This letter written by Erika Munck, managing editor of the Tulane Drama Review, provided an account of the audience's reaction to a 1964 performance of "In White America" in Indianola, Mississippi. A group of white men attended the performance and it was assumed that they were members of the White Citizens Council, a white supremacist organization. They did not disrupt the performance.
The main supporter of the Free Southern Theater (FST) in New Orleans was Richard Schechner, a Tulane University professor and editor of the Tulane Drama Review. In this letter to Schechner, before the FST relocated, O'Neal apologized for not being able to make a planned visit to meet him. O'Neal also discussed visiting theater programs at Southern Illinois University and at different universities in New Orleans.
Being an integrated theater, the troupe was sometimes threatened in the many small southern towns they performed in. The Deacons for Defense and Justice, an African American civil rights group, often assisted with protecting Free Southern Theater's members from violence by white supremacists. In his notes, Tom Dent discussed this fear of retaliation after a performance in Bogalusa, Louisiana. He wrote, “There was buzzing outside, harried, anxious conversations. Weapons were visible. One of our workshop group said, “just get me to Lake Pontchartrain (which borders New Orleans), I’ll run the rest of the way.” No one spoke. We sat around gloomily....”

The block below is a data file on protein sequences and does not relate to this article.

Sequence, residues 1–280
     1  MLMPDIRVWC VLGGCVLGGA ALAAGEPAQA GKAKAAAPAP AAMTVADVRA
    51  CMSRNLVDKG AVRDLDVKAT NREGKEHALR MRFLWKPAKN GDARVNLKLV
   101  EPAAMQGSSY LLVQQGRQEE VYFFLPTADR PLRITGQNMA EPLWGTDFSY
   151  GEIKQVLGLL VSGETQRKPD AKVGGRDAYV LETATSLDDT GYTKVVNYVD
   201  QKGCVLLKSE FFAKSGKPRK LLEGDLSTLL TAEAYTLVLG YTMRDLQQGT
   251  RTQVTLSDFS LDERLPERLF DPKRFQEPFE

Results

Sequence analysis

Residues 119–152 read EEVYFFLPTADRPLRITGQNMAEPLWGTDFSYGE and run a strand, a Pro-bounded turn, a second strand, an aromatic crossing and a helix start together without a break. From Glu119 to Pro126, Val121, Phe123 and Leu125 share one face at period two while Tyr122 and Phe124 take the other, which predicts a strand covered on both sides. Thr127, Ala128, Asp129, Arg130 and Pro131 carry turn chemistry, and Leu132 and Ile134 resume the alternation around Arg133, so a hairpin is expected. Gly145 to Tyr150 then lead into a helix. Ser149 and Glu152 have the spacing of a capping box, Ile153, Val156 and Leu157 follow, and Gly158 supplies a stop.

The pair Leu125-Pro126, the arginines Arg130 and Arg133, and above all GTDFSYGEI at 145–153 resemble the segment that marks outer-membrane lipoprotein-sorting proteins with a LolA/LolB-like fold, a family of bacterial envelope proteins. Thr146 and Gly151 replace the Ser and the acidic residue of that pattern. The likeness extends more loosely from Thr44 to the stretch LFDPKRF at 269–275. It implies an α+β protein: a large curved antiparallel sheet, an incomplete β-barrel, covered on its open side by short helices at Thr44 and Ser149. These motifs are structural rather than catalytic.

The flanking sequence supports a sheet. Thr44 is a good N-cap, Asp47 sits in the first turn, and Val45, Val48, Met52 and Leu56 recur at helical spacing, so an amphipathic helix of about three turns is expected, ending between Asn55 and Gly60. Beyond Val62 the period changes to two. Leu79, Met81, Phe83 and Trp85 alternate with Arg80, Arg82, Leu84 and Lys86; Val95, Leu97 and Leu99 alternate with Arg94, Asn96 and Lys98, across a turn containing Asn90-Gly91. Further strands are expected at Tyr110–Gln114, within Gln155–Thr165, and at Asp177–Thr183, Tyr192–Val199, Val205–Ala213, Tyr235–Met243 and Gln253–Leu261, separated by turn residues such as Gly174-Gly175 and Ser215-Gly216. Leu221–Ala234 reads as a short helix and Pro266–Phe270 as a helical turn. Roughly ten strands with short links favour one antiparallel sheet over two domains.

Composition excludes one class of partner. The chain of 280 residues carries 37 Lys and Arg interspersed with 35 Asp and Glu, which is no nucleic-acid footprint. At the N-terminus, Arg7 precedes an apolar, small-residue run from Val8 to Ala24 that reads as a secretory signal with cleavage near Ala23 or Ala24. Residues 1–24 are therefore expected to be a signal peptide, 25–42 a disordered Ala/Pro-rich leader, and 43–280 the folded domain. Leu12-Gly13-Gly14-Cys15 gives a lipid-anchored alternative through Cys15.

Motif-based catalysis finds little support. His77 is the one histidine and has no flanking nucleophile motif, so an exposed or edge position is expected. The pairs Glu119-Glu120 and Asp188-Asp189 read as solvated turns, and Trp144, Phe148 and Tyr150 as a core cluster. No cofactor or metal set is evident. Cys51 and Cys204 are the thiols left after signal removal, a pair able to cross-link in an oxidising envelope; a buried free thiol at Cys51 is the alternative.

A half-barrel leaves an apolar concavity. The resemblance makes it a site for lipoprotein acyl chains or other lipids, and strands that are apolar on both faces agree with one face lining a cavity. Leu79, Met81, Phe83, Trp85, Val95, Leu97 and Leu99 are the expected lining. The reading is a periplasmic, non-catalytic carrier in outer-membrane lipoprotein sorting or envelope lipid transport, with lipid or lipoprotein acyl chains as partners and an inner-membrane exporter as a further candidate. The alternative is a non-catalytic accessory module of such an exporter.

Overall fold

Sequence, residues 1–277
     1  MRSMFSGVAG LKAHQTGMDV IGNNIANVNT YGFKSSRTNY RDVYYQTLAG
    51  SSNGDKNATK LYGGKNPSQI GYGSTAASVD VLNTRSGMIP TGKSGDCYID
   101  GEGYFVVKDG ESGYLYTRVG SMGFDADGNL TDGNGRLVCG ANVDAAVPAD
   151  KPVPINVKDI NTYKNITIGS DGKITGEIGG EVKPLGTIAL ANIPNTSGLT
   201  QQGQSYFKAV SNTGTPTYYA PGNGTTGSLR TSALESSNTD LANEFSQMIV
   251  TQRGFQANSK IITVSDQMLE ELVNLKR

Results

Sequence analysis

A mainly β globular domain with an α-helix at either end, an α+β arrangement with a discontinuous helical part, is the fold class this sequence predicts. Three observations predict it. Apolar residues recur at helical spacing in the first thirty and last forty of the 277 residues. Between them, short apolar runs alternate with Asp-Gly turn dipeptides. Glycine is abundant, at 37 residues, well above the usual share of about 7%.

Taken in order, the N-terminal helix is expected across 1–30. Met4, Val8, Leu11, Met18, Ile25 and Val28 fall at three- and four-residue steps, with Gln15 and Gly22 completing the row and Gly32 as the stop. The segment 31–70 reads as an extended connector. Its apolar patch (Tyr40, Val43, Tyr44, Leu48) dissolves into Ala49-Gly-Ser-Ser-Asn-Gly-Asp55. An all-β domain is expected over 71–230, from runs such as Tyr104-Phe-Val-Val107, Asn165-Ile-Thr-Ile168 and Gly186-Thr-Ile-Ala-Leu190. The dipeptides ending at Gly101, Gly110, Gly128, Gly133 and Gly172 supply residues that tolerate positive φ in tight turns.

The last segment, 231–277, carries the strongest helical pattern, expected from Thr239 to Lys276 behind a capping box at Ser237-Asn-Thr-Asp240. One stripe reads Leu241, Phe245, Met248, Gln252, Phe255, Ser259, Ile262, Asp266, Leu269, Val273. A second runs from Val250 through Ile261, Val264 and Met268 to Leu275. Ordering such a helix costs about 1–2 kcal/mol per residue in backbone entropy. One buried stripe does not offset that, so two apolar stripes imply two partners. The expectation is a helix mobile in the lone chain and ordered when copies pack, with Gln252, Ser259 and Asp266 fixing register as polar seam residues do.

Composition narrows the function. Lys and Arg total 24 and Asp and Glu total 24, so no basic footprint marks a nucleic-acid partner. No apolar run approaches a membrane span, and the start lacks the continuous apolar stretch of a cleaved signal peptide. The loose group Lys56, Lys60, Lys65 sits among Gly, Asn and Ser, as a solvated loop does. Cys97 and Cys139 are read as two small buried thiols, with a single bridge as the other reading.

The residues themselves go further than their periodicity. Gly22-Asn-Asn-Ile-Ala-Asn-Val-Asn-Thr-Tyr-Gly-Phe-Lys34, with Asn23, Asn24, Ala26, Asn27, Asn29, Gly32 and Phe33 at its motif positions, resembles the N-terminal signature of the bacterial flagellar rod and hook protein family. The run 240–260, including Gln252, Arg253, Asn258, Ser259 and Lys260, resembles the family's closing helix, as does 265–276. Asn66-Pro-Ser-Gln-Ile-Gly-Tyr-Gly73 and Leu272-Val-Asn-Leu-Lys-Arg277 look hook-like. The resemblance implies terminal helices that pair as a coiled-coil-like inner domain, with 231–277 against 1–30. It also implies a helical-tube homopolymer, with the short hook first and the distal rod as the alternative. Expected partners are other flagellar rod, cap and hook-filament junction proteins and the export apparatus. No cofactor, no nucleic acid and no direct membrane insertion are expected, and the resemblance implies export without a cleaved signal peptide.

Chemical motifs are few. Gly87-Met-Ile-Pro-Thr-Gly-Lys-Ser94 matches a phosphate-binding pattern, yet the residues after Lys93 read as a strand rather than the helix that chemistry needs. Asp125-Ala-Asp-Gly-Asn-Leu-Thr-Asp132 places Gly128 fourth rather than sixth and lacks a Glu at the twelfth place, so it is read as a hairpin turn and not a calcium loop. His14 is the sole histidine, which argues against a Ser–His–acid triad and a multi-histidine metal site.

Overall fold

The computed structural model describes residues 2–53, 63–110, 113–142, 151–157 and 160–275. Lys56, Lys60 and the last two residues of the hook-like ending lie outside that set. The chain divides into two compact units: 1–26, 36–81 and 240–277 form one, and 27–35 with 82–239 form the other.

Confrontations became a common occurrence after the Free Southern Theater's (FST) move to New Orleans. Members were consistently embroiled in ideological battles about the type of theater FST should become. Gilbert Moses, influenced by the rise of Black Nationalism, took the steps to reorganize the FST into an all Black company. This prompted many to push against the disintegration of the FST as an integrated theater. Another primary conflict was whether the FST should be avant-garde or a community based theater with a focus on mainly serving African American audiences.
In this letter Roberta Y. Jones, who oversaw fundraising and public relations for the Free Southern Theater (FST), discussed John O'Neal's proposed leave of absence from the organization. There would be many absences and returns to the FST for O'Neal. The first being in 1966 when O'Neal was required to take a two year sentence to fulfill his military requirement as a conscientious objector.